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ART REVIEW

Photos teem with energy and athletes at Abigail Ogilvy Gallery

Pelle Cass's "Dartmouth Men's Basketball (Close)," from 2019.
Pelle Cass's "Dartmouth Men's Basketball (Close)," from 2019.Pelle Cass/Courtesy Abigail Ogilvy Gallery

Photographs stop time. That’s exactly why some photographers are obsessed with portraying time’s passage. In “Crowded Fields,” a buoyant exhibition at Abigail Ogilvy Gallery, Brookline photographer Pelle Cass joins the problem of time with the athleticism and emotion of sports photography. His photos look like what would happen if stop-motion photography pioneer Eadweard Muybridge had the wherewithal to shoot an entire game.

Cass places his digital camera on a tripod at college sporting events and shoots thousands of images. Then he uses Photoshop to assemble scores of them into one photograph. The playing field becomes a static stage against which crazy numbers of athletes scrum and tumble.

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The images bustle like Hieronymus Bosch paintings. Wider shots convey the signature choreography and patterns of each sport. “Dartmouth Hockey,” full of lunging diagonals, looks breathlessly dynamic, but “Women’s Water Polo at Harvard,” awash with swim-capped heads and arcing arms, is balletic.

Pelle Cass's "Women's Water Polo at Harvard," from 2018.
Pelle Cass's "Women's Water Polo at Harvard," from 2018.Pelle Cass/Courtesy Abigail Ogilvy Gallery

Sometimes Cass zooms in, amplifying the conflict of sport by revealing the faces of dozens of running, jumping, dodging players, as in “Dartmouth Men’s Basketball (Close).” During quarantine, for a corollary series called “Uncrowded Fields,” Cass took a different perspective from the same game, erasing most of the players and leaving the balls. “Dartmouth Basketball Side View (Balls)” shows hundreds of basketballs soaring toward baskets and skimming the floor at midcourt, captivating spectators.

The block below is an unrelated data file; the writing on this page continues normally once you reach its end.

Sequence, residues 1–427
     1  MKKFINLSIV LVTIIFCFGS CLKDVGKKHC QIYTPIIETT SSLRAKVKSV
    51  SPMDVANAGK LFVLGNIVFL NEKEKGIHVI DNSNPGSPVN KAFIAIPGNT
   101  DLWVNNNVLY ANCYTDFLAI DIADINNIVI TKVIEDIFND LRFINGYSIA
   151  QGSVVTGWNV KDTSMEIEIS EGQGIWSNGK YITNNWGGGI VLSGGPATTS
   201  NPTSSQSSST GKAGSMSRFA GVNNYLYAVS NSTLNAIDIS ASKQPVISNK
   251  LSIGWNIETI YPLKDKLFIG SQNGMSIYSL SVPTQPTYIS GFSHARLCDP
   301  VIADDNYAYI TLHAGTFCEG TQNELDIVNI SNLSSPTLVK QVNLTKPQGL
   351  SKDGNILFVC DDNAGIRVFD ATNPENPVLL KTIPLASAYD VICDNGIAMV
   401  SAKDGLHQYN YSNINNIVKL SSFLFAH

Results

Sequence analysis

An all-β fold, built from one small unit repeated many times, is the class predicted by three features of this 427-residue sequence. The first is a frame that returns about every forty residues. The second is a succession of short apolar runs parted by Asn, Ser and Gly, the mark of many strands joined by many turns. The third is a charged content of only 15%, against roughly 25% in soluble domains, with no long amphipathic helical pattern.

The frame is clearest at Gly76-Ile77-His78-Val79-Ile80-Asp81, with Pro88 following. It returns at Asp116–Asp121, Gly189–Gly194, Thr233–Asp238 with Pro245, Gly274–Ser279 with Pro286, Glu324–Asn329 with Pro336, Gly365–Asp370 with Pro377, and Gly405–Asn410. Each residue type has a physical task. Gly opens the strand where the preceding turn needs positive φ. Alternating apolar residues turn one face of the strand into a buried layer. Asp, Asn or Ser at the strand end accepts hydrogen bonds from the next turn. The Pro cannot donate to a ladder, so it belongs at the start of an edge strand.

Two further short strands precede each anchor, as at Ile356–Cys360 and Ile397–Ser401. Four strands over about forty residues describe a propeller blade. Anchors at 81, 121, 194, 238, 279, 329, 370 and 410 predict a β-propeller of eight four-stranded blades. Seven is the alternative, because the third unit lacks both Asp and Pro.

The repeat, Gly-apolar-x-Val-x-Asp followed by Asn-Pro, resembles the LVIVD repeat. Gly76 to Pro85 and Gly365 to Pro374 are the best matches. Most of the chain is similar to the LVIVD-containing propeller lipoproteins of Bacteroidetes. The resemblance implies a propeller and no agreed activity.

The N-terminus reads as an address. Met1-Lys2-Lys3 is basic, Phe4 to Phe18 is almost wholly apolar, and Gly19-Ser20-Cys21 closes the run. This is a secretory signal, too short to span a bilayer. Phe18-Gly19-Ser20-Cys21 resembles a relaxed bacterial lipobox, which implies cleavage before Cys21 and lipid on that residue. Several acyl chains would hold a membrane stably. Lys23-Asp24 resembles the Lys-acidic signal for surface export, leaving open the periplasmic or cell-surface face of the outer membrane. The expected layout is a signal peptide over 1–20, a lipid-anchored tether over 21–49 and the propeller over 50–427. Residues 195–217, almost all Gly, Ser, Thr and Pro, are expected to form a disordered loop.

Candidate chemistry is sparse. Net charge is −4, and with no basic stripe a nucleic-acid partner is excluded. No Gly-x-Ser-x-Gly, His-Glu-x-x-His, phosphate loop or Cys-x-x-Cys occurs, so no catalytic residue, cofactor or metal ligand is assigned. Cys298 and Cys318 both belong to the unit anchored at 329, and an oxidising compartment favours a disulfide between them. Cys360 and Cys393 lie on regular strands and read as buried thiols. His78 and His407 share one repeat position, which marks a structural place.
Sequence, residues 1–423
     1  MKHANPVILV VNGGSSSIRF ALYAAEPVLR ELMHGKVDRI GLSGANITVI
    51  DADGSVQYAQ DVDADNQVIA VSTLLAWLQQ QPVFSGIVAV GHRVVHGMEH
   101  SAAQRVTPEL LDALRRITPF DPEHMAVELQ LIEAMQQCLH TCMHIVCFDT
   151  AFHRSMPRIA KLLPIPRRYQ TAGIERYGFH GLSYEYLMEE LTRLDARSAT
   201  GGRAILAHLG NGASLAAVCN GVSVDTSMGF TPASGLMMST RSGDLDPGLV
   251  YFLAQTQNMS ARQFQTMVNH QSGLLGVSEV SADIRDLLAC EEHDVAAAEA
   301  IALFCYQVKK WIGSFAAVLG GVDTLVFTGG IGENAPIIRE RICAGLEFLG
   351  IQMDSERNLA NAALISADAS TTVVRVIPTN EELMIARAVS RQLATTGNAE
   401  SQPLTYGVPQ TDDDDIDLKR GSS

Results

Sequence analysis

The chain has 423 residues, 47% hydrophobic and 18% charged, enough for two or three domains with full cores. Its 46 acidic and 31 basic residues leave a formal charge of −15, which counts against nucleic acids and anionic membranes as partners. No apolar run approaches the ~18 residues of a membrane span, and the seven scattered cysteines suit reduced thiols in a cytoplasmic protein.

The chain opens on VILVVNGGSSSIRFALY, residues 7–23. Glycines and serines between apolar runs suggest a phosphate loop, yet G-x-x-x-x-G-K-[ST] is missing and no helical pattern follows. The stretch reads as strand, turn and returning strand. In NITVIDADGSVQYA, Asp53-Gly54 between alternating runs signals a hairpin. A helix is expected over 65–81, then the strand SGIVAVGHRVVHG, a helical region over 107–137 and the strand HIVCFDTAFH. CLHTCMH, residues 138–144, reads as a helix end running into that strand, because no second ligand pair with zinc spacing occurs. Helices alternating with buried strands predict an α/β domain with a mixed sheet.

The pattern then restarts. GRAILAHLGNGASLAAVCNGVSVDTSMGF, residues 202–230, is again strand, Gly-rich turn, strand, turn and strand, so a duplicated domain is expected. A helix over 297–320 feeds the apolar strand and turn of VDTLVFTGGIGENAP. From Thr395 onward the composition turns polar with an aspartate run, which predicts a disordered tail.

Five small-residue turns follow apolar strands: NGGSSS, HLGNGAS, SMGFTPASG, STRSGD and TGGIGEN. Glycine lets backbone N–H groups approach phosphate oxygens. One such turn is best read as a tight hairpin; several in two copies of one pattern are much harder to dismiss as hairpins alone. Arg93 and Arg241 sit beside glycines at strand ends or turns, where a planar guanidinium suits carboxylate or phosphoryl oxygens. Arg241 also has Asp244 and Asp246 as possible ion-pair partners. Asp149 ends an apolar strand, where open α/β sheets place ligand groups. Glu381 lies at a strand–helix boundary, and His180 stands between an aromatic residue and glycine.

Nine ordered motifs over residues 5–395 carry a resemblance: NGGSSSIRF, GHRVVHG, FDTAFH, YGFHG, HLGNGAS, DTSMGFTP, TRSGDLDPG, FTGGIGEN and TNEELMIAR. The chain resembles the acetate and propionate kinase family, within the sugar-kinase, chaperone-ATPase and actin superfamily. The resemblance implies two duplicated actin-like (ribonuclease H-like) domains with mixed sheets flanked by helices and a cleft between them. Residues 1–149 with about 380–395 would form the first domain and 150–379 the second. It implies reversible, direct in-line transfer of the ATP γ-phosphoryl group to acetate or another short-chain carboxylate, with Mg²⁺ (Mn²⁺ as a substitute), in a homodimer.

The absence of players is funny and unnerving, especially these days, when games have far fewer live spectators. But Cass’s photographs brimming with players are just as delightfully unsettling — fervid and chaotic, yet contained within the graceful restraints of the game and the field.

Pelle Cass's "Divers, Mission Viejo (bodysuit)," 2019.
Pelle Cass's "Divers, Mission Viejo (bodysuit)," 2019.Pelle Cass/Courtesy Abigail Ogilvy Gallery

My favorites are more intimate photographs of individual sports. In these, Cass composes veritable structures from leaping, somersaulting, and falling bodies — divers twisting like pickup sticks; pole vaulters in a heap as they cross over the bar. Within these compositions, pure emotion on some of the faces pulls us deeper in, like the radiantly joyful woman jackknifing over spraying water at the center of “Divers, Mission Viejo (bodysuit).”

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The thrill of victory. The agony of defeat. The rush and passion of an athletic event, distilled in one image.

PELLE CASS: CROWDED FIELDS

At Abigail Ogilvy Gallery, 460 Harrison Ave., through March 21. 617-820-5173, www.abigailogilvy.com


Cate McQuaid can be reached at catemcquaid@gmail.com. Follow her on Twitter @cmcq.